Most Recent Articles In Ready-to-Wear and Sportswear
Latest Ready-to-Wear and Sportswear Articles
- Lacoste Unveils Olympic Uniforms for Team France
- Capsule and Axis Will Unify for Spring 2017
- Joe’s Blackbook Holds Annual Design Competition
More Articles By
Four fresh collections at Berlin Fashion Week.
This story first appeared in the June 25, 2013 issue of WWD. Subscribe Today.
Glaw: Two Peas in a Pod
The Glaw design team’s atelier is located in an historic building that was once part of a Stasi prison in Berlin Hohenschönhausen. Deeply associated with the GDR’s system of political and artistic oppression, this building — where detainees were questioned and tortured in the basement — now houses artist and photographer studios and design offices.
“Our work space has a bad history and sometimes it seems like a strange place. But the opportunity to work in such an important location and to be part of the change was very significant for us,” said Maria Poweleit, who, together with Jesko Wilke, codirects and designs the Berlin fashion label Glaw. “We were both born in the GDR and even if we were very young, we still remember what it felt like during this dark period of East Germany. We can remember the liberating feelings when the wall came down in 1989, and for us, this place is meaningful.”
Poweleit grew up in Dresden and was interested in fashion design since the age of seven. Wilke, a native Berliner, always had an interest in art, music and dance, he said. He attended the Berlin State School of Ballet and then worked at the Komische Oper Berlin, first dancing and then making costumes while Poweleit went to New York for a fashion design internship. Their paths came together at Esmod in Berlin, and they began planning their fashion company in their third year of study. Upon graduating in 2011, they launched Glaw.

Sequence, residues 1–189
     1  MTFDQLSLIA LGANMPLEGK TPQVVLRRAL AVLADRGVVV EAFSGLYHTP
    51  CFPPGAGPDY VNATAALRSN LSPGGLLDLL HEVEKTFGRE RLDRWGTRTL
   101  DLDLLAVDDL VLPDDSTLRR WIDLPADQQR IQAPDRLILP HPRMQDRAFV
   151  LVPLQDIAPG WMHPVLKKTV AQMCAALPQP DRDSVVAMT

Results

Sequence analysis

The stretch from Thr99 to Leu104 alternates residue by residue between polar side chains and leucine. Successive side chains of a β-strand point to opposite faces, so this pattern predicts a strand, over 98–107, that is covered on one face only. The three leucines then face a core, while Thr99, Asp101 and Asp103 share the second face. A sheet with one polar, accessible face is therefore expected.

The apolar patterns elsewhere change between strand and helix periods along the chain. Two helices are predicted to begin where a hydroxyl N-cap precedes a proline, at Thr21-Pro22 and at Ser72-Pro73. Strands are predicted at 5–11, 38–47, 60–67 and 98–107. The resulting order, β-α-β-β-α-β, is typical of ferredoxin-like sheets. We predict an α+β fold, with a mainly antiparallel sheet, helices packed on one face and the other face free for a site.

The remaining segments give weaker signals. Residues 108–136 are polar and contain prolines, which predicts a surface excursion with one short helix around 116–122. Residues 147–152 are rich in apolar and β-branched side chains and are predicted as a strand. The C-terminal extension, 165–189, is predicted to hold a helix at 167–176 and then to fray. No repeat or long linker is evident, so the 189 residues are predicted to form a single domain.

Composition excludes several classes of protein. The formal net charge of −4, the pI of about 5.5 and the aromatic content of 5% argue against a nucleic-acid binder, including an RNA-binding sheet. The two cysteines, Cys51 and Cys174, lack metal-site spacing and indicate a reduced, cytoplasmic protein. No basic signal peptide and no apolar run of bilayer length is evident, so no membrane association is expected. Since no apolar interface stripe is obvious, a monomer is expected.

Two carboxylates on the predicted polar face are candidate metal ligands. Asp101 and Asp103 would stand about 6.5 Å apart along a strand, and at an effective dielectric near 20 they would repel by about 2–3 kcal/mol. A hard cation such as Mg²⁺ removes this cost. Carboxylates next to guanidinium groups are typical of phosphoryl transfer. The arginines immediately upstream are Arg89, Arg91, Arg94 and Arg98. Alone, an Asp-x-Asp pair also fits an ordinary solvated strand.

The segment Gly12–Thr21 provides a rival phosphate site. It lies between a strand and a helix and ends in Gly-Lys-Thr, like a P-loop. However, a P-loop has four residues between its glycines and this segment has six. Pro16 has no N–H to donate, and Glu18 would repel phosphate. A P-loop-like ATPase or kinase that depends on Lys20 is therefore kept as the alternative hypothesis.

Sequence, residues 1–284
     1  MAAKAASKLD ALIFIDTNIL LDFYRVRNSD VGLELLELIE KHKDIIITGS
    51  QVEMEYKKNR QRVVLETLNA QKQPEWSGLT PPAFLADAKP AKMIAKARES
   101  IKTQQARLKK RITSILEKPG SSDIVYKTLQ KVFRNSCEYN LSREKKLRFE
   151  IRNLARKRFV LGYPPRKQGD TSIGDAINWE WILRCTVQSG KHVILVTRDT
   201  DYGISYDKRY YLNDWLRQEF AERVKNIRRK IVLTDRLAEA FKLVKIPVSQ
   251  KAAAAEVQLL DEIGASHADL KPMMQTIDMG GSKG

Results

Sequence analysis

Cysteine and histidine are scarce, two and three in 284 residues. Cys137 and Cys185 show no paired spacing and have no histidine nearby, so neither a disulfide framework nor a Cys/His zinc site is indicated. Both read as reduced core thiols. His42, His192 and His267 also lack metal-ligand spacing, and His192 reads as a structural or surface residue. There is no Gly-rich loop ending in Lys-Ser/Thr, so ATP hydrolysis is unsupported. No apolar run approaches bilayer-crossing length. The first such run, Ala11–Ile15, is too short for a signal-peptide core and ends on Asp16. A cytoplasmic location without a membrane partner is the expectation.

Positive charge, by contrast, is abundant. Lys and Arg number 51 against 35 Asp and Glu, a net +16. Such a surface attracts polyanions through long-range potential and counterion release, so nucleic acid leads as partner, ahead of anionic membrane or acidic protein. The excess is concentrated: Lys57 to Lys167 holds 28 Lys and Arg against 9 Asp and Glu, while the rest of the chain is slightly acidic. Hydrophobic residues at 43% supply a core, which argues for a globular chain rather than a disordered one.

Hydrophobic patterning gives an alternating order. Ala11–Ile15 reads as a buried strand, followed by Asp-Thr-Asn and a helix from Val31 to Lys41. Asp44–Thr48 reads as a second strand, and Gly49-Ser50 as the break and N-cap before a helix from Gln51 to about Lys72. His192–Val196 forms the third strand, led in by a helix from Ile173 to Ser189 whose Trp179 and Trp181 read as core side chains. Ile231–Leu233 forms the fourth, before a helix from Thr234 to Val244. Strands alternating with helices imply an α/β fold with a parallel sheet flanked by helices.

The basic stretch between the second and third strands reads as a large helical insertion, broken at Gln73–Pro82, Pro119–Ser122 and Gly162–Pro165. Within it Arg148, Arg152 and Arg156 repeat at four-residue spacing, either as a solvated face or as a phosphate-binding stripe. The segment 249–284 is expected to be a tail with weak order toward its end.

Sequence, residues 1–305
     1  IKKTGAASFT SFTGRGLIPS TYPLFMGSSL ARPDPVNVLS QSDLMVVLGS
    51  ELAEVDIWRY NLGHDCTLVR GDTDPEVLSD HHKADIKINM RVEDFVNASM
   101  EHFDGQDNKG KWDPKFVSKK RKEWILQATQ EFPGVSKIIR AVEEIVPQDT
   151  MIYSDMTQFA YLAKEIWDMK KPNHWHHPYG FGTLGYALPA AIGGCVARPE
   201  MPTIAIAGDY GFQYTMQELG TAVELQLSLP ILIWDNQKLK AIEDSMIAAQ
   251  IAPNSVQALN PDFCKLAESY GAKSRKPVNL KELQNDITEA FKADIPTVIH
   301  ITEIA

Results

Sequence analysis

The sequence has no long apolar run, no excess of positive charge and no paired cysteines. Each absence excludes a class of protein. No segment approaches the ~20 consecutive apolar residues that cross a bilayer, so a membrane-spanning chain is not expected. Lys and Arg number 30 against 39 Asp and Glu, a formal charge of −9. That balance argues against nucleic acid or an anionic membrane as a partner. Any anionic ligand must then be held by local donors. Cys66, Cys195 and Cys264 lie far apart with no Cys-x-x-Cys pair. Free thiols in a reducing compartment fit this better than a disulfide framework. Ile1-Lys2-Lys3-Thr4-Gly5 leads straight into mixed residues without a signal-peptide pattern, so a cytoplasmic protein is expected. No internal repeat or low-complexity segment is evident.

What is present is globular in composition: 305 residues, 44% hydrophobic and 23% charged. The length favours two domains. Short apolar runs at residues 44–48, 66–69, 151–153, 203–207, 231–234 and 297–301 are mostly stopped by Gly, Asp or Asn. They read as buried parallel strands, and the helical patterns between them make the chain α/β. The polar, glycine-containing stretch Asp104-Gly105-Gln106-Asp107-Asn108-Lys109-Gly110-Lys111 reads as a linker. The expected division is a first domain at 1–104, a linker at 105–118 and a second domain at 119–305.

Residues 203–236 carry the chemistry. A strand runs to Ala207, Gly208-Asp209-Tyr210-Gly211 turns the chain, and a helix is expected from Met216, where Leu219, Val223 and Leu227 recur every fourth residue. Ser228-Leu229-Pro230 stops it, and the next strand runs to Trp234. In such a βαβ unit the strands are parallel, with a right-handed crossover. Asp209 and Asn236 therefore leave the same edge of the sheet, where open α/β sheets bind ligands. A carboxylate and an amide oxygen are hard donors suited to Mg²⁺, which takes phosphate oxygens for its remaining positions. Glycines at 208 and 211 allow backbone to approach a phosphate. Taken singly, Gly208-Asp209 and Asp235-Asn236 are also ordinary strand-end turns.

Glaw means “rain” in Welsh and it is a word that inspired these designers to start their “accessible luxury” label for women.
“Glaw was the perfect name because our tie-dyed leather and tie-dyed silk pieces look as if they were washed by rain,” said Poweleit. Taking an innovative yet refined approach, each well-crafted piece displays a soft touch, with textures used in a light-handed manner.